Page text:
Setting limits and saying no

As parents the only thing we want for our children is for them to be happy. To achieve that we need to give them the tools and teach them to navigate through difficulties in an ever-complicated world.

This happens from a very young age, when the children start to grow and explore the world around them on their own. We must guide them, so they don’t hurt themselves when they start to move independently. And from that moment on our job is to teach them not only how to take care of themselves and others, but also care for their toys, their books, animals, plants, etc.

This is the moment when we start teaching them good habits. The youngest a child is, the easier they can learn them. So, there is no time to waste: the sooner good habits are taught, the sooner the child will acquire them.

Establish Good Habits

Parents must establish the habits. They need to be clear and followed up with consistency. The child must know which behavior is expected from him/her. For example: washing hands before eating, brushing their teeth before bedtime, clean up their toys, help at home with simple chores depending on their age, etc.

It is important to be consistent in doing so and there shouldn’t be exceptions because they might deduce that they can do different. Parents need to be firm until the habit has been learned.

Having a steady routine and family rituals, helps family life flow smoother. Of course, routine can be altered sometimes but keeping it steady teaches the children structure, discipline and that they also have obligations within the family.

For example, saying: “Toilet, teeth, story time and bedtime” every night before bedtime, is a very efficient way to establish a routine that will lead to a relaxed evening after a busy day at work and school/daycare.

Reinforce Positive Behavior

When conflict arise because a child hurt a sibling or doesn’t want to shower or go to bed, parents must intervene and impose their authority.

However, these are not the only moments when parents must react. Most of all, we cannot have the children believe that they just get attention when they disobey or are not listening.

On the contrary, we must show them that we also react when they do something good too. If your child is playing nicely on her/his own, you can say: ‘i love to see you playing”, If they brush their teeth on their own, you can say: “Well done, you deserve a kiss.”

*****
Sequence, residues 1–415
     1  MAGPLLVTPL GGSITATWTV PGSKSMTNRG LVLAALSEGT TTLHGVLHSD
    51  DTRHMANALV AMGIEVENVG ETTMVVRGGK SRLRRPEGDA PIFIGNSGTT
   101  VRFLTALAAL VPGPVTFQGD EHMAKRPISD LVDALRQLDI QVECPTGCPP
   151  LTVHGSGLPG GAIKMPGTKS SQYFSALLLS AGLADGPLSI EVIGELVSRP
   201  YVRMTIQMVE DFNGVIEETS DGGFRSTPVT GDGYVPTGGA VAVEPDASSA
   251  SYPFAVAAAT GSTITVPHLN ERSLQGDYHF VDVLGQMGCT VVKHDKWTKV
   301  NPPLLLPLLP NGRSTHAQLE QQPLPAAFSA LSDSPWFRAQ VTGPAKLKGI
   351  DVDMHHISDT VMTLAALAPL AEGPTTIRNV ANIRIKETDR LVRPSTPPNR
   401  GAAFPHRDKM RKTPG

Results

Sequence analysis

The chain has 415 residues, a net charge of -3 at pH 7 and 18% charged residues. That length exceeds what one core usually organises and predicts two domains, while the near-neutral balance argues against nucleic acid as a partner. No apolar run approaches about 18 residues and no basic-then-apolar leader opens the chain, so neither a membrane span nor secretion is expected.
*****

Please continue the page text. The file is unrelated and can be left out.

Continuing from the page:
This reaction from the parents makes the children want to repeat the behavior in the future.

Say “No” the right way

We have to say no without making the children feel guilty or ashamed. For a no to be effective, it must make sense and establish reasonable limits.

There are many ways to say no. To stop a child from doing something he/she is not allowed, making eye contact, a serious face or shaking the hand or the head, are nonverbal ways to show disapproval can be enough.

In this way the child learns to read the disapproval in the parent’s attitudes, as they are used to get interest, love, and encouragement.

The face says: “I don’t like what you are doing, and you know it. You have to stop”.

Saying no with a sound: “uh-uh” is another way to do it. Parents always find a way to let their children know they do not approve a behavior.

Keep the “No”

When parents say no and their child persist with the behavior, we must act and stop them. Otherwise, the children will translate it as: ”I don’t like what you are doing, but I cannot stop you from doing it.”

If we say no to something, we must stick to it. The worse is to say “no” followed by ok, but don’t do it again.”

We must maintain our position. This consistency is how they learn limits.

Limits are very important. When children don’t get limits, we are not helping them develop important skills that they will need in the future. Negotiation is not an option as it will lead to arguing.

Saying “no” to a child teaches them to deal with frustration. And if they learn from young age to deal positively with this emotion, it will be easier to deal with it when they get older.

It teaches them restrain, respect and that they cannot always get what they want, when they wanted. They won’t become entitled.

To help them deal with frustration we must show empathy when conflict arise. For example: ‘I understand you want to stay here with us, but it is bedtime” or “I know you really want a snack now, but it is almost dinner time, so we’ll have it afterwards”.

In this way you acknowledge their feeling and understand why you say no, but at the same time will feel understood and listened to.

That is why parents shouldn’t feel guilty to put limits or say no. It gives the children opportunities to practice how to deal in the best way through difficult situations. It is practice that will make them stronger and paves the way to deal with more difficult emotions and situations in the future.

This article was written by Paola, Big Ben Kids Care Coordinator

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